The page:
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Infectious Disease Movement in a Borderless World: Workshop Summary

Modern transportation allows people, animals, and plants–and the pathogens they carry–to travel more easily than ever before. The ease and speed of travel, tourism, and international trade connect once-remote areas with one another, eliminating …

[more]

What You Need to Know About Infectious Disease

About a quarter of deaths worldwide–many of them children–are caused by infectious organisms. The World Health Organization reports that new infectious diseases are continuing to emerge and familiar ones are appearing in new locations around …

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Adverse Effects of Vaccines: Evidence and Causality

In 1900, for every 1,000 babies born in the United States, 100 would die before their first birthday, often due to infectious diseases. Today, vaccines exist for many viral and bacterial diseases. The National Childhood Vaccine Injury Act, passed …

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Immunization Safety Review: Vaccines and Autism

This eighth and final report of the Immunization Safety Review Committee examines the hypothesis that vaccines, specifically the measles-mumps-rubella (MMR) vaccine and thimerosal-containing vaccines, are causally associated with autism. The …

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The NAP Guide to the 2015 State of the Union Address

THE PRESIDENT: Mr. Speaker, Mr. Vice President, Members of Congress, my fellow Americans:

We are 15 years into this new century. Fifteen years that dawned with terror touching our shores; that unfolded with a new generation fighting two long and costly wars; that saw a vicious recession spread across our nation and the world. It has been, and still is, a hard time for many.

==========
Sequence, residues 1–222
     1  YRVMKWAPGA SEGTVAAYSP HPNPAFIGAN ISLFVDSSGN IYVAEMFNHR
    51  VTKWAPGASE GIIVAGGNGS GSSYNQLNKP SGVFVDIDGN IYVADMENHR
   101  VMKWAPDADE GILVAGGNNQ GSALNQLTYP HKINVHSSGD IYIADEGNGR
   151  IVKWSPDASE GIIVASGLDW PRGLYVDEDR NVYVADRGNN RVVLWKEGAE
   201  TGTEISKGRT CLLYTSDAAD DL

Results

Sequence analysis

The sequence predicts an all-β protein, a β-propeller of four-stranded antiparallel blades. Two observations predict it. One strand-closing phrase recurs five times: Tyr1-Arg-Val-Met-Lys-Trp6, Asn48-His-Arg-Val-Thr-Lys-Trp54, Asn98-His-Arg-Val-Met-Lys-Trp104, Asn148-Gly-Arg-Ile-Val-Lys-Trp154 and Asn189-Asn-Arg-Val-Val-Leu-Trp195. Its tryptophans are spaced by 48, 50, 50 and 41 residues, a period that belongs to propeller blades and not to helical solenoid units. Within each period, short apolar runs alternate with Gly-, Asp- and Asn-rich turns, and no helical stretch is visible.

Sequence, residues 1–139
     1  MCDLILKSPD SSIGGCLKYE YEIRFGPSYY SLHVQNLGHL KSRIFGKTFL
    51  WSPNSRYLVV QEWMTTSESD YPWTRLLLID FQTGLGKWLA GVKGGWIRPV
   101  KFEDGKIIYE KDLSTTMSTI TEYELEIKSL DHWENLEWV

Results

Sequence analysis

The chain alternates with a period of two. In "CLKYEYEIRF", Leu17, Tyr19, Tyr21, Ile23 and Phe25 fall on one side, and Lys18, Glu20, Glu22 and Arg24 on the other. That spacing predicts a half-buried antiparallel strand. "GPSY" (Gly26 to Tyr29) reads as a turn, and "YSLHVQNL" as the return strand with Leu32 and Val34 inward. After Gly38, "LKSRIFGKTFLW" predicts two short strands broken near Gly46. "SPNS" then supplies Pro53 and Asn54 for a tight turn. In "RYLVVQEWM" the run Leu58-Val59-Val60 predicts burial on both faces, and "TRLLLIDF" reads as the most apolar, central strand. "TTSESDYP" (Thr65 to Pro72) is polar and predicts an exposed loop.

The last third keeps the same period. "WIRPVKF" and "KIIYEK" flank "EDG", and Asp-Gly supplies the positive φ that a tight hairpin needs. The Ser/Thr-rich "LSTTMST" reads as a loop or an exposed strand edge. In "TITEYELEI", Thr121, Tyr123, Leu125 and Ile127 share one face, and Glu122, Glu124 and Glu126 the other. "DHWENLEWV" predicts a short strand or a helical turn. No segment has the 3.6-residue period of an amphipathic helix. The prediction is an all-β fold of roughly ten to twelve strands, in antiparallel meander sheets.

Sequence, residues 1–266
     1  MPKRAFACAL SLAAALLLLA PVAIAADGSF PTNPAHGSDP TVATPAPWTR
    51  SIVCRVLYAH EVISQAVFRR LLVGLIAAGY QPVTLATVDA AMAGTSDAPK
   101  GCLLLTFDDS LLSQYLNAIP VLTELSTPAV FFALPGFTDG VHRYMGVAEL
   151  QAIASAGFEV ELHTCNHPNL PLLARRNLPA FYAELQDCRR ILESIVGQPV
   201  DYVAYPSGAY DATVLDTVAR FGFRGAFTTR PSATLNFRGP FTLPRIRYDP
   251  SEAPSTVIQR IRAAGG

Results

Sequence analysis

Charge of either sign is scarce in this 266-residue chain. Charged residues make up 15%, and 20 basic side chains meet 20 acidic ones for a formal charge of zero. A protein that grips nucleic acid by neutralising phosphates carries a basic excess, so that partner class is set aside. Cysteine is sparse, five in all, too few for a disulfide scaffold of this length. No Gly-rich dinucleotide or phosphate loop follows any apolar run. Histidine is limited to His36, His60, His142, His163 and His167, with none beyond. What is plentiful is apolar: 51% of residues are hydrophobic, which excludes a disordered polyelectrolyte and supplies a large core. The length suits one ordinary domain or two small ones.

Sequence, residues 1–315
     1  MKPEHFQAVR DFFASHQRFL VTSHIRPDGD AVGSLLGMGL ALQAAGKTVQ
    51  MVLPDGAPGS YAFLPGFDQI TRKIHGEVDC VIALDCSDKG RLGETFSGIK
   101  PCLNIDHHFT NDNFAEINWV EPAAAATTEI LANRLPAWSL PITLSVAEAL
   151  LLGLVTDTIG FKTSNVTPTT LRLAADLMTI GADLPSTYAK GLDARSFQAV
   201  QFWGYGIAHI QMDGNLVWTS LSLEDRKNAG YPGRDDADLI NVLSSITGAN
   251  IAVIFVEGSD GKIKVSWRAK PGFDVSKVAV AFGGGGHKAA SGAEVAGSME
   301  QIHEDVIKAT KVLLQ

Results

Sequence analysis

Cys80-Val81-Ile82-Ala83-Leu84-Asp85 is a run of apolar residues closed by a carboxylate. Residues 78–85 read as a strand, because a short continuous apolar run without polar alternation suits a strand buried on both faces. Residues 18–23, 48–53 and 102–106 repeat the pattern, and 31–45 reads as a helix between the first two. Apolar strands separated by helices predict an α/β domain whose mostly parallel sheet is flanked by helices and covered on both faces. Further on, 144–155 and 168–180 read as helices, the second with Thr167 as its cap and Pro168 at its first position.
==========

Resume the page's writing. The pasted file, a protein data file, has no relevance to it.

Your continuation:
But tonight, we turn the page. Tonight, after a breakthrough year for America, our economy is growing and creating jobs at the fastest pace since 1999. Our unemployment rate is now lower than it was before the financial crisis. More of our kids are graduating than ever before. More of our people are insured than ever before. And we are as free from the grip of foreign oil as we’ve been in almost 30 years.

Tonight, for the first time since 9/11, our combat mission in Afghanistan is over. Six years ago, nearly 180,000 American troops served in Iraq and Afghanistan. Today, fewer than 15,000 remain. And we salute the courage and sacrifice of every man and woman in this 9/11 Generation who has served to keep us safe. We are humbled and grateful for your service.

Returning Home from Iraq and Afghanistan: Assessment of Readjustment Needs of Veterans, Service Members, and Their Families (2013)


ISBN 978-0-309-26427-3

As of December 2012, Operation Enduring Freedom (OEF) in Afghanistan and Operation Iraqi Freedom (OIF) in Iraq have resulted in the deployment of about 2.2 million troops; there have been 2,222 US fatalities in OEF and Operation New Dawn (OND)1 …

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Returning Home from Iraq and Afghanistan: Preliminary Assessment of Readjustment Needs of Veterans, Service Members, and Their Families (2010)


ISBN 978-0-309-14763-7

Nearly 1.9 million U.S. troops have been deployed to Afghanistan and Iraq since October 2001. Many service members and veterans face serious challenges in readjusting to normal life after returning home. This initial book presents findings on …

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America, for all that we have endured; for all the grit and hard work required to come back; for all the tasks that lie ahead, know this: The shadow of crisis has passed, and the State of the Union is strong.

At this moment — with a growing economy, shrinking deficits, bustling industry, booming energy production — we have risen from recession freer to write our own future than any other nation on Earth. It’s now up to us to choose who we want to be over the next 15 years and for decades to come.

Will we accept an economy where only a few of us do spectacularly well? Or will we commit ourselves to an economy that generates rising incomes and chances for everyone who makes the effort?

Will we approach the world fearful and reactive, dragged into costly conflicts that strain our military and set back our standing? Or will we lead wisely, using all elements of our power to defeat new threats and protect our planet?